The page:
In summary

When San Francisco officials rejected a 495-unit apartment project, they set up a test of laws aimed at preventing arbitrary blockage of housing developments.

For years, California politicians have talked about cracking down on local governments that arbitrarily reject much-needed housing projects and have even passed some laws to that effect.

However, as the housing crisis has worsened, threatening to derail the state’s economy, there has been little or no real effort to force the issue, and local officials continue to cave in to local anti-housing sentiment.

An especially blatant example of local footdragging on housing has arisen in San Francisco and it will test whether state officials will match their rhetoric with action.

San Francisco’s Board of Supervisors (its city council) voted 8-3 to reject a 495-unit apartment development in the heart of downtown at 6th and Market streets, a site now used for parking and homeless encampments. The rejection followed an earlier action that stalled a project of 302 microunits.

Supervisors who voted against the development offered various rationales, but it appears that one unspoken factor may be retribution against Supervisor Matt Haney, whose district includes the project, and who supported it.

Haney is running for one of San Francisco’s seats in the state Assembly against Davis Campos, whom most other supervisors support.

“This is the kind of project we’ve been asking for, which is a lot of units built for families right by transit,” Haney told the San Francisco Chronicle. “For God’s sake, it’s a Nordstrom valet lot.”

Haney’s not the only San Francisco politician critical of the Board of Supervisors. It’s also an embarrassment for state Sen. Scott Wiener, the Legislature’s foremost advocate of removing roadblocks to new housing and the author of several bills aimed at overcoming local opposition to projects.

“When San Francisco acts like this, it sends a very negative message to the rest of the region,” Wiener told the Chronicle. “We have been pushing other cities to do their share, to be better, so when San Francisco does something like this, it puts the proverbial turd in the punch bowl.”

Wiener sees the rejection as violating the Housing Accountability Act (HAA), meant to make it difficult for local governments to reject projects that meet pre-existing zoning laws. Although used for parking, the lot in question is zoned for housing and is listed as a residential site in plans San Francisco submitted to the state.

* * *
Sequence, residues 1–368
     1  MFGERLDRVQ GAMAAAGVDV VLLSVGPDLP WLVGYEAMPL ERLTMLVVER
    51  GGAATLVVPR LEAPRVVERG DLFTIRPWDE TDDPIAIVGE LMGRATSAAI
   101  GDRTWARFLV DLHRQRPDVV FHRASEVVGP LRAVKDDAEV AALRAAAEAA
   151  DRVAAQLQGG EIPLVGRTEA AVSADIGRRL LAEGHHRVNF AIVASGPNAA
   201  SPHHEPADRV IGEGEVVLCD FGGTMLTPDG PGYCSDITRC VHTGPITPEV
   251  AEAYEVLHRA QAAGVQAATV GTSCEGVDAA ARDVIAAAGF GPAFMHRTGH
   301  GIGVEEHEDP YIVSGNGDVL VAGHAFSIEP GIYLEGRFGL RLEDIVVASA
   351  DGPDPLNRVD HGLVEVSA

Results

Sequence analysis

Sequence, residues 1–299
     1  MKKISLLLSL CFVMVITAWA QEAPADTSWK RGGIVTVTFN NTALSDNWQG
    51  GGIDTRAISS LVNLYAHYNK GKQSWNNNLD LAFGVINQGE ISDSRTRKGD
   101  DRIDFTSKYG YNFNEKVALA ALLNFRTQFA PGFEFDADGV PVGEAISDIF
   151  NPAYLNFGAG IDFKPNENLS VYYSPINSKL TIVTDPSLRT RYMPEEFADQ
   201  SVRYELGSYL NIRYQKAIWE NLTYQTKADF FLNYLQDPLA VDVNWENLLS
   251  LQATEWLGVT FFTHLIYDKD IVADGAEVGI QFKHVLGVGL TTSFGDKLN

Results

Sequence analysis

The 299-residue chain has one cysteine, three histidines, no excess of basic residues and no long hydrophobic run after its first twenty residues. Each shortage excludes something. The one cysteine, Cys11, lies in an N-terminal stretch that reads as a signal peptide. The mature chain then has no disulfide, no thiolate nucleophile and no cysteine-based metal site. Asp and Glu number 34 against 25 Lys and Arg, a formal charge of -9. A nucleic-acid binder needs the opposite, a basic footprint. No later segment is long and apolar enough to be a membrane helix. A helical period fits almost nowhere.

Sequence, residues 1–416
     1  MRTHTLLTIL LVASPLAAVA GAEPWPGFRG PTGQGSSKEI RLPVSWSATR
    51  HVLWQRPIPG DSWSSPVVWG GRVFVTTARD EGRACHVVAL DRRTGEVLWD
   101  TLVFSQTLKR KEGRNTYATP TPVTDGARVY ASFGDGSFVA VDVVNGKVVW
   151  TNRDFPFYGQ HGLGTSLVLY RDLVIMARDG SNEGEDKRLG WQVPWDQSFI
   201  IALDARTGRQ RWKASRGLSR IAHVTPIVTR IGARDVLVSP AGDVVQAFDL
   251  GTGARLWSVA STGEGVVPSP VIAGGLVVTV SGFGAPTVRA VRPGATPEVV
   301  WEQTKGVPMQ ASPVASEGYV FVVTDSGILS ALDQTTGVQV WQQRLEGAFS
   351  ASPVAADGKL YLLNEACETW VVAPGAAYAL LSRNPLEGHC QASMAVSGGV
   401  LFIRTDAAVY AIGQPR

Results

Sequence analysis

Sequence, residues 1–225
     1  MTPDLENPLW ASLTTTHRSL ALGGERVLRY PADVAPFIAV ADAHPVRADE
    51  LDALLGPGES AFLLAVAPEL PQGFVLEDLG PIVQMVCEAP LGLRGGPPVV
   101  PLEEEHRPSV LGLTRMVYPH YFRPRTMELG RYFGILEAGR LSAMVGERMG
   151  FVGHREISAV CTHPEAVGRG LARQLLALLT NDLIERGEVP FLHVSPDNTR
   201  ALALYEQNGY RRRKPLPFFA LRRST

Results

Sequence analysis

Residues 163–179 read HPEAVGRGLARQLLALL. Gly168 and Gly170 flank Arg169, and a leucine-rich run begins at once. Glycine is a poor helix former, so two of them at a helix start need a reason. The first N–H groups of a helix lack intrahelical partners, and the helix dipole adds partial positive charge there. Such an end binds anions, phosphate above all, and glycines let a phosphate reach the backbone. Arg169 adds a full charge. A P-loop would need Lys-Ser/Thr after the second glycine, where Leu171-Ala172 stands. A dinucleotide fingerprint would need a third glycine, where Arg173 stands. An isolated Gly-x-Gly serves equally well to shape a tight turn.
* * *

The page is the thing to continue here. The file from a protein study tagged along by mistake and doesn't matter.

“The point of the HAA is not to change the rules in the middle of the game,” Wiener said. “If a project complies with the existing rules in terms of density and height, you can’t reject the project unless (there’s a) specific health and safety problem, which there is not in this case.”

With Haney and Wiener stirring the pot, the rejection is a test for the state Department of Housing and Community Development, which issues the housing quotas that regions and local governments are supposed to meet and which has new powers to enforce them.

State housing director Gustavo Velasquez told the Chronicle that his agency’s attorneys are examining whether the Board of Supervisors violated the HAA or the California Environmental Quality Act. CEQA comes into play because one of the rationales supervisors offered for stalling the project is that its environmental impact report is faulty.

Even if the state intervenes, the impact would not be instantaneous. Velasquez would send the city a warning letter and if that doesn’t work, the state would file suit.

However, it could take years for the issue to wind through the courts, meaning the project’s costs would continue to mount, perhaps too high for it to continue. That’s what often happens when local officials go into stall mode.

We want to hear from you

Want to submit a guest commentary or reaction to an article we wrote? You can find our submission guidelines here. Please contact CalMatters with any commentary questions: commentary@calmatters.org

Dan Walters has been a journalist for nearly 60 years, spending all but a few of those years working for California newspapers. He began his professional career in 1960, at age 16, at the Humboldt Times...